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The LASIK Digest: Everything You Need To Know About Lasik In Digestible Points

LASIK is a acronym that stands for laser-assisted in situ keratomileusis, which basically means laser-assisted corrective eye surgery. The procedure entails reshaping the cornea so that light traveling through the pupil appropriately focuses on the retina at the back of the eye. Surgeons regularly perform the popular procedure to correct astigmatism, far-sightedness or near-sightedness.




Advantages of LASIK 

The entire procedure requires approximately 15 minutes for each eye. LASIK also does not require stitches or bandages. The degree of vision correction depends on the severity of the abnormality and ranges from a decreased level of prescription eye wear to no longer needing glasses or contacts.





Disadvantages of LASIK

Changes made to the cornea during the procedure are not reversible. The surgery is extremely complex and difficulties may arise when the surgeon creates the flap, which can permanently affect vision.


Preparation for Surgery

Patients must refrain from wearing the gas permeable contacts for a minimum of three weeks prior to the consultation. Other contacts cannot be worn for up to three days before the appointment. Clients must also bring a current pair of prescription eyeglasses to the visit. During an initial consultation, the physician acquires a complete medical history of the patient. The practitioner then performs and extensive visual examination that evaluates corneal thickness, corneal mapping, refraction and the extent of pupil dilation. The surgeon then explains the procedure and answers questions.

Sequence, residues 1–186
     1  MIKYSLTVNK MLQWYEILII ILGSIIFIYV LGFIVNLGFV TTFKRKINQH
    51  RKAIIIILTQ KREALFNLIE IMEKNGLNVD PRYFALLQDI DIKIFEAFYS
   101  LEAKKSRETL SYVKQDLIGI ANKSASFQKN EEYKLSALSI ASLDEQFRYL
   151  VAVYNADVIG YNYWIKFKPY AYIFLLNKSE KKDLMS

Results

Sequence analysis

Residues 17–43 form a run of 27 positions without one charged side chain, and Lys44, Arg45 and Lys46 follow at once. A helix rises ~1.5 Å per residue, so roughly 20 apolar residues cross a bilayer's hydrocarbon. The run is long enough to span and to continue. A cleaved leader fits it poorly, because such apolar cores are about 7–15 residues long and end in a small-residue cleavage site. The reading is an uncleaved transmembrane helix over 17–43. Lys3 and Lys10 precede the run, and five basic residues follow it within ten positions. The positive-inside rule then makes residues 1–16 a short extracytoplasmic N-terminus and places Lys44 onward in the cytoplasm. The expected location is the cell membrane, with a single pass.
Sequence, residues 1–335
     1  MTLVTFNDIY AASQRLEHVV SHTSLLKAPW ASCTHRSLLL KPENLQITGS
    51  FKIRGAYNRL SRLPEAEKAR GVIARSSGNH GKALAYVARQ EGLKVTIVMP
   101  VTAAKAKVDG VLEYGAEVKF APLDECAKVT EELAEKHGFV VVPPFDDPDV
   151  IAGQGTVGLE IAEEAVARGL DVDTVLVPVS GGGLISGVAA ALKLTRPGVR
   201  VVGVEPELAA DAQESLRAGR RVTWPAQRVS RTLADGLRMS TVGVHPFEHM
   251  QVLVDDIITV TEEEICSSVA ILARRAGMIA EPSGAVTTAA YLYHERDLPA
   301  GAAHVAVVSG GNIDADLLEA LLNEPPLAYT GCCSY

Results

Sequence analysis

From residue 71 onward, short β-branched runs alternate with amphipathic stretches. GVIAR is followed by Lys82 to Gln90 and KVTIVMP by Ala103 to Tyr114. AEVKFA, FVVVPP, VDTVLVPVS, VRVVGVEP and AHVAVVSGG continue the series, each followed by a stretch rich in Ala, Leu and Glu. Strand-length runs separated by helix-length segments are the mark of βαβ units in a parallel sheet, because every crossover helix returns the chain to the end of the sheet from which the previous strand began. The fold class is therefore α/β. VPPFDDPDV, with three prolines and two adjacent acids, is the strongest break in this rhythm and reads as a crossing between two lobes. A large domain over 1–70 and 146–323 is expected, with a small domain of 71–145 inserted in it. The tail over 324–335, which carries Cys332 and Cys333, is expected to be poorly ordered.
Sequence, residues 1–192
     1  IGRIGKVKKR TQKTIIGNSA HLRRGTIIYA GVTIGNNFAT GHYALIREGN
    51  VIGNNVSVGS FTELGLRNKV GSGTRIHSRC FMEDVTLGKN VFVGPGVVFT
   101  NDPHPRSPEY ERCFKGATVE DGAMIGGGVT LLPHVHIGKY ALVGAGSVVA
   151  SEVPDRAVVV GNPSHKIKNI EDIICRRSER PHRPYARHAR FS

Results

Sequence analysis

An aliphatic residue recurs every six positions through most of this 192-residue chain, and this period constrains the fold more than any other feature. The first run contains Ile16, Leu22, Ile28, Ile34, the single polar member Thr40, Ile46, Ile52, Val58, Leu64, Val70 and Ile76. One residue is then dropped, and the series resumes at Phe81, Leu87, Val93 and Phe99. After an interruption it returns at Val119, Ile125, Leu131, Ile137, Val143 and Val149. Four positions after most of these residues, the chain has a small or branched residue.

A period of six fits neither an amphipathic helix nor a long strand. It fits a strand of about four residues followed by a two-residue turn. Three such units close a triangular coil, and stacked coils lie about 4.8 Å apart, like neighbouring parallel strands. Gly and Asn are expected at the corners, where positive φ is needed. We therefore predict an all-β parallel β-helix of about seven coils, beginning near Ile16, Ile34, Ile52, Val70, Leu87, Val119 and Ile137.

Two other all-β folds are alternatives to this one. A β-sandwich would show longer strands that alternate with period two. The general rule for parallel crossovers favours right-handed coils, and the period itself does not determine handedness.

On the day of surgery, patients may eat a light meal and take any prescription medications. Clients cannot wear eye makeup or bulky hair accessories, which may prevent proper head positioning during surgery.


Lasik Surgery Procedure



LASIK Surgery

The surgeon initially applies anesthetic eye drops into the affected eye. After approximately 10 minutes, using a microkeratome, also known as a femtosecond laser, the surgeon creates a thin flap, which the physician gently peels back to access the corneal tissue below. Assisted by a different laser, the surgeon then carefully reshapes the cornea. Completing the surgery involves placing the flap into the original position.


After Surgery

The affected eye experiences temporary dryness. However, the surgeon supplies the patient with eye drops that prevent infection and inflammation while adding moisture. The drops may burn momentarily and cause blurred vision. The patient must not use any other drops not provided by the physician.

Vision might initially appear blurry or hazy during the first day. However, despite this effect, patients notice a greater degree of visual clarity within the first one to three days. Healing occurs rapidly. Surgeons typically require that patients return within the first 24 to 48 hours for a follow-up evaluation. Clients must also attend the recommended number of appointments for the first six months after the surgery.


Possible Surgery Side Effects

Patients may experience mild discomfort for the first 24 to 48 hours. Less common side effects include:

* A visible glare
* Halos around lights or other images
* Vision fluctuations
* Difficulty driving at night



The expense of having surgery largely depends on the type of procedure being performed. When undergoing Traditional LASIK surgery, the lasik costs per eye averages around $1,670. The cost of Custom LASIK averages around $2,000. Custom LASIK using Intralase averages $2,250 per eye.


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